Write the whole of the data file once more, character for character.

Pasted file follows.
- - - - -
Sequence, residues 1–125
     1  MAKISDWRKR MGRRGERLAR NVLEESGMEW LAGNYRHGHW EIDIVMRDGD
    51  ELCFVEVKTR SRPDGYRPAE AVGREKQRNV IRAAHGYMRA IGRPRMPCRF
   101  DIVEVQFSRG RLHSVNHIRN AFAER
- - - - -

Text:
Sequence, residues 1–125
     1  MAKISDWRKR MGRRGERLAR NVLEESGMEW LAGNYRHGHW EIDIVMRDGD
    51  ELCFVEVKTR SRPDGYRPAE AVGREKQRNV IRAAHGYMRA IGRPRMPCRF
   101  DIVEVQFSRG RLHSVNHIRN AFAER